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COLUMN ONE : Policing Political TV Ads : Media are devoting more attention to the accuracy of commercials, often in critiques known as 'truth boxes.' The new reporting is seen as a major advance in coverage of elections.

October 04, 1990|THOMAS B. ROSENSTIEL | TIMES STAFF WRITER

WASHINGTON — In Florida, Miami Herald state editor John Pancake is having political reporters skip some of the speeches at county fairs this year and instead watch a little more TV.

In Texas, Clayton W. Williams Jr., the Republican candidate for governor, had to redo one of his television commercials because reporters found he had exaggerated his claims with faulty statistics.

And in his TV ads in California, Sen. Pete Wilson, Republican gubernatorial candidate, has defended himself against an attack commercial by Democrat Dianne Feinstein by quoting newspaper articles critiquing the accuracy of Feinstein's original ad.

This year, the American news media have embarked on what many campaign professionals and journalists consider the first real advance in press coverage of politics since Theodore White began looking behind the scenes at the mechanics of campaigning in his landmark book, "The Making of the President 1960."

From California to Florida, the press is devoting a major part of its time and resources to policing the accuracy of political TV commercials--in most cases in systemic critiques set in special ad watch columns that have come to be known as "truth boxes."

While this change might not strike casual readers as dramatic, it represents two important shifts. One is formal recognition that, to the extent elections define the national agenda, American political dialogue, in great part, now occurs in the exchange of TV commercials.

The other is that, amid broad discontent with the state of political campaigning, the press has decided to become less of a color commentator up in the booth and more of a referee on the field in the hope of cleaning up the game.

Frankly, for the last 20 years, "you got a kind of nostalgic reporting," about politics, in the words of Democratic consultant Robert Squier. The media, particularly newspapers, focused on what candidates said in speeches and issue papers, things even the candidates themselves considered a largely symbolic part of their campaigns. "They were covering things that no longer really influenced the process," Squier said.

Tom Fiedler, political editor of the Miami Herald, believes that the "ad watch" columns now appearing in several Florida newspapers have made print media "more relevant" to politics for the first time in a generation. One key reason is that candidates who are attacked in commercials are using the newspaper critiques of the attacks in their response ads.

"We are affecting the debate again," Fiedler said.

Many political consultants are angry over the "truth boxes," saying the press has overstepped its neutrality.

Yet so far, the effort has not stopped dishonest, distorted and false political advertising. "We've had some pretty rancid commercials here in Texas," said political editor Jim Simmon of the Houston Chronicle.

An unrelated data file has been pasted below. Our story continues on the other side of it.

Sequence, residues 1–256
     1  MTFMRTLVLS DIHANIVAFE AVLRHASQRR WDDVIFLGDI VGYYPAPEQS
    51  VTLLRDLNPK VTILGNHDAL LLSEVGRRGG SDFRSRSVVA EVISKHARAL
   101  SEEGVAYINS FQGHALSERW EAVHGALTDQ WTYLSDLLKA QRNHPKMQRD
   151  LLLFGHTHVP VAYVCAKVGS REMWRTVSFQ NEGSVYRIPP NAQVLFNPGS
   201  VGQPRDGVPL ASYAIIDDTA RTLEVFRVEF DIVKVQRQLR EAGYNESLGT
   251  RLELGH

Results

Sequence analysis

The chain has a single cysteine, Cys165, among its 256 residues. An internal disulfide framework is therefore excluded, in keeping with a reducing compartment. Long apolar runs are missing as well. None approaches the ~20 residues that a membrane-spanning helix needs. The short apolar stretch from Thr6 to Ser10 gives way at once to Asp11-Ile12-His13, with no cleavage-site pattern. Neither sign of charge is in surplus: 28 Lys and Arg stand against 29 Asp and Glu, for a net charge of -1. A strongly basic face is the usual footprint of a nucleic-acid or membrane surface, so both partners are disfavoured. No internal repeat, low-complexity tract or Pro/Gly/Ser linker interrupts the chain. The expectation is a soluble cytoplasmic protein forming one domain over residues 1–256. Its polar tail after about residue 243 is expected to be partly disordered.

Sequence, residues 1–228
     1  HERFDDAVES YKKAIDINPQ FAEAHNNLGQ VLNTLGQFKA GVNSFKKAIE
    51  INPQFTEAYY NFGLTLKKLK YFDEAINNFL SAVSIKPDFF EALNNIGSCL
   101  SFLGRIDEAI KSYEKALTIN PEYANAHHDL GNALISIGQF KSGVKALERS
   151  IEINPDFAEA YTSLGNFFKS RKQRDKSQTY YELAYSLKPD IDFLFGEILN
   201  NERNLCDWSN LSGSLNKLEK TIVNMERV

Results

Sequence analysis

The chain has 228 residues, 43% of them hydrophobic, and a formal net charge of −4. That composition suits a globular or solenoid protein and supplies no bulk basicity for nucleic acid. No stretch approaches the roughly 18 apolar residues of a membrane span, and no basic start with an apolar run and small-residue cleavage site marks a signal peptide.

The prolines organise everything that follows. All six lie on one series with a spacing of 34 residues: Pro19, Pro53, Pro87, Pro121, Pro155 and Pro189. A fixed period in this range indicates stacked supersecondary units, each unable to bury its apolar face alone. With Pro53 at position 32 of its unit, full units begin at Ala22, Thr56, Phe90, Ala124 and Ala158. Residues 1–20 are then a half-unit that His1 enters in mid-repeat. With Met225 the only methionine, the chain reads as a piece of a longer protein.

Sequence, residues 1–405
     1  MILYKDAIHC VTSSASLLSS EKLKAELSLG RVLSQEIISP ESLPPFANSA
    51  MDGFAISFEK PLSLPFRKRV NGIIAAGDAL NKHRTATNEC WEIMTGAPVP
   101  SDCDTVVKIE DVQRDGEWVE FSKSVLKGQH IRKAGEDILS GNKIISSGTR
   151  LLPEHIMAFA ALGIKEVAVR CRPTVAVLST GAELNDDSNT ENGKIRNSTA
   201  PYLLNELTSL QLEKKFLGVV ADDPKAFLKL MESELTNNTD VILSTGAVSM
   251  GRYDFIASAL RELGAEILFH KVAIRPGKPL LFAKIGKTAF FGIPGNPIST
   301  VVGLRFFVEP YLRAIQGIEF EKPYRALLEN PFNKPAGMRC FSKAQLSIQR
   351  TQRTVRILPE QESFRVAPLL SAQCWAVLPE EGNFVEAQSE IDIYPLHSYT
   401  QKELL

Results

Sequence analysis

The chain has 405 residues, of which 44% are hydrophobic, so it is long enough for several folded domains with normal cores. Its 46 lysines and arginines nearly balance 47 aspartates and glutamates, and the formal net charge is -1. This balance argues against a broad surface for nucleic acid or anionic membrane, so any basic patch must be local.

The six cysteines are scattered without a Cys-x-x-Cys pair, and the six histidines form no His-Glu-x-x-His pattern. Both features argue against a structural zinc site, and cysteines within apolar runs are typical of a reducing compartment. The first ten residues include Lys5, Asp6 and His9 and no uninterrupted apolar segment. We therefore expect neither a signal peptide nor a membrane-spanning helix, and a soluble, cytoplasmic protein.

Some observers say that the media's more activist approach will take time, and that there are already signs of change, while others say the effort will only lead candidates to become more sophisticated and subtle in their distortions.

'88 Campaign Cited

The change this year was inspired, in part, by revulsion with the distortions, vitriol and 30-second rhetoric of the 1988 presidential campaign. But the roots go far deeper.

Keith Love, now an executive with McClatchy Newspapers in Sacramento, publicly advocated something like truth boxes in 1986, after being disturbed by what he saw in the California Senate campaign. In that race, Alan Cranston and Ed Zschau spent a staggering $25 million combined, most of it to air commercials.

"What I saw in 1986 is that candidates really don't do anything any more but raise money and put up TV ads," said Love, who covered the race for the Los Angeles Times.

But since the media scarcely dealt with ads, consultants and candidates were able to "get away with murder," Love said. "We had to become a referee (over advertising) or print would become obsolete to politics."

After the 1988 presidential race, those concerns crystallized, journalists around the country say, in a series of columns Washington Post political reporter David Broder began writing last January.

Broder argued that politics had become so "negative and nauseating" that the press had "to become partisan--not on behalf of a candidate or party--but on behalf of the process." Among the recommendations: "We need to treat every ad as if it were a speech" and not "be squeamish about saying in plain language when we catch a candidate lying . . . . "

Links to White's Books

For much of the television age, political reporting in this country was fashioned on a variant of the model Theodore White developed 30 years ago for his series of books on "The Making of the President." White's innovative books saw elections as heroic clashes of men and ideology, offering insights into the national mood. But the books also were among the first to look backstage to the role of the campaign strategist and the growing emergence of campaign technology.

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